Maryna holds the BA, LLB, LLM degrees and is a Director at the Cape Town offices of STBB. She is an admitted Attorney, Notary Public and Conveyancer with many years of experience in the field of property law and conveyancing. She is also the firm's Marketing Director and attends to external publications for the firm as well as conducts ongoing training for estate agent and bankers training and is a regular seminar presenter for attorneys and property practitioners.

Property Law Update | Issue 04 – 2018

MARITAL STATUS: AVOID THESE PITFALLS WHEN CONCLUDING AGREEMENTS

Broodie NO v Maposa and Others (1990/2017) [2018] ZAWCHC 18 (19 February 2018)

Most people are generally aware that in some large transactions, if they are married in community of property, they require the consent of their spouse. Less are aware that without such consent, the property transfer or donation could be invalid; and even fewer are aware of the fact that where a third party transacted with such a spouse in good faith, it is possible that the law will deem that there was consent. This judgment is a case in point where a man, married in community of property, donated shares in a CC that owns a property in Sea Point, to another woman with whom he had a longstanding affair.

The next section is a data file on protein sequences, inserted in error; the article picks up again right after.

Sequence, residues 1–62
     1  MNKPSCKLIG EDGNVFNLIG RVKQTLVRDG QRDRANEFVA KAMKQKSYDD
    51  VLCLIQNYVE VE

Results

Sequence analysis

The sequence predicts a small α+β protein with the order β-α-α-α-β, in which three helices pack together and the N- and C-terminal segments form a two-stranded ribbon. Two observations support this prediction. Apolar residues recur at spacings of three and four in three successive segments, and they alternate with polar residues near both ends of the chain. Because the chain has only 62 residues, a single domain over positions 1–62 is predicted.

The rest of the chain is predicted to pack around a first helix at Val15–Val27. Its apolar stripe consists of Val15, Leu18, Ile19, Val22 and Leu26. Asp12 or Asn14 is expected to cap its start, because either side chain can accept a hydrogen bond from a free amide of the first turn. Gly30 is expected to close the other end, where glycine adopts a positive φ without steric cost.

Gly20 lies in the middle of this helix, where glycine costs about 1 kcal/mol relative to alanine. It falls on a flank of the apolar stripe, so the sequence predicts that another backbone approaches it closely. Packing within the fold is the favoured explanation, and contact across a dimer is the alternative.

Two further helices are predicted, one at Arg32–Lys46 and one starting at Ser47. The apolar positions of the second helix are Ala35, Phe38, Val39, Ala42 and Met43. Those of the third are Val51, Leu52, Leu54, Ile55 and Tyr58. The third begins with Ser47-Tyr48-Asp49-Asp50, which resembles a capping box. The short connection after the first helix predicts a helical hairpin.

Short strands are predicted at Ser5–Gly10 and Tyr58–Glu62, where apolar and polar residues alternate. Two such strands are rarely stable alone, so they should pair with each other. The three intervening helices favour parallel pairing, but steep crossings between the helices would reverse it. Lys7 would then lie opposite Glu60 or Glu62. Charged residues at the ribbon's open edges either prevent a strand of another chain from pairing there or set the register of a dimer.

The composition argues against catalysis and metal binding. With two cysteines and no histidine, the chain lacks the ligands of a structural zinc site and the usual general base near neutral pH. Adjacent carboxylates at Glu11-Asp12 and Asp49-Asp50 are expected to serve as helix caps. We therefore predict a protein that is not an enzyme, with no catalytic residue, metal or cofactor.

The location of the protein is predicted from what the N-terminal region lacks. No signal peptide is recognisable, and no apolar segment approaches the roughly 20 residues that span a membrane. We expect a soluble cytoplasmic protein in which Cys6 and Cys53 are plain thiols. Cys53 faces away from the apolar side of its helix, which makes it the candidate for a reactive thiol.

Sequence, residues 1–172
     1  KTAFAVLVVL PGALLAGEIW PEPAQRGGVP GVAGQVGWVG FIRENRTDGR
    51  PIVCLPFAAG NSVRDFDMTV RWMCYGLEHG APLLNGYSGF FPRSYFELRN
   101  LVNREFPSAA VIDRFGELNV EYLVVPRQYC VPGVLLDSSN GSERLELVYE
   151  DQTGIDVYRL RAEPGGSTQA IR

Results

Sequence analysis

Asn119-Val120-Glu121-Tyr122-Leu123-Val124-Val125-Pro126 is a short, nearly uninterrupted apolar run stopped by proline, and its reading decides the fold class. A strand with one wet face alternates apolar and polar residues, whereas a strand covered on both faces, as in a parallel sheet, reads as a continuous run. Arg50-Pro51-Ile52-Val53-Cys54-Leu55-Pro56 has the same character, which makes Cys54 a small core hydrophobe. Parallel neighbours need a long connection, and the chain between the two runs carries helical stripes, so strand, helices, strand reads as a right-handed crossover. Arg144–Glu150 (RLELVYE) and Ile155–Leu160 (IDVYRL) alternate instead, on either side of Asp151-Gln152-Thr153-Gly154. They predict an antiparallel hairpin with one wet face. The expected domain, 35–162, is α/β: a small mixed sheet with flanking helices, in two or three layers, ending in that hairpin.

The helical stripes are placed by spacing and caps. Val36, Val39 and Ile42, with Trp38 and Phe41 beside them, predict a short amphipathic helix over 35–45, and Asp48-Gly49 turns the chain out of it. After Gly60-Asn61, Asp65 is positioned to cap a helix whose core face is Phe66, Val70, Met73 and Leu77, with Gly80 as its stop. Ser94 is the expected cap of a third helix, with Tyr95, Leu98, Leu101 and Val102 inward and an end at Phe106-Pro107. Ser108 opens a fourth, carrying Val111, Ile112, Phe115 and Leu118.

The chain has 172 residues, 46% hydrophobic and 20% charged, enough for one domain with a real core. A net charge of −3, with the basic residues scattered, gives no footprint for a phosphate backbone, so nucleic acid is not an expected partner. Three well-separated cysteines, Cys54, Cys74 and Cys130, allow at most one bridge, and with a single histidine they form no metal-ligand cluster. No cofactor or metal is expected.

The spouse did not consent to the donation and the question arose whether it could be deemed that the requisite consent was in place. A cautionary note for anyone dealing in agreements with someone who is married in community of property.

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The Judgment
Summary of the Judgment

BUILDING PLAN APPROVAL: HOW MUST THE MUNICIPALITY COME TO A DECISION?

City of Cape Town and Another v Da Cruz and Another (A313/17) [2018] ZAWCHC 5 (2 February 2018)

Despite a final ruling on the interpretation of section 7(1) of the National Building Regulations and Building Standards Act, the practical application thereof by officials in local authorities tasked with approving building plans remains a learning curve. This judgment is a case in point and explains the rule that where a local authority has an insignificant concern about, and finds it unlikely that a proposed building would disfigure the neighbourhood, would be unsightly or objectionable, or would derogate from the value of neighbouring properties, it is required to approve the application. The judgment illustrates how this works practically.

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The Judgment
Summary of the Judgment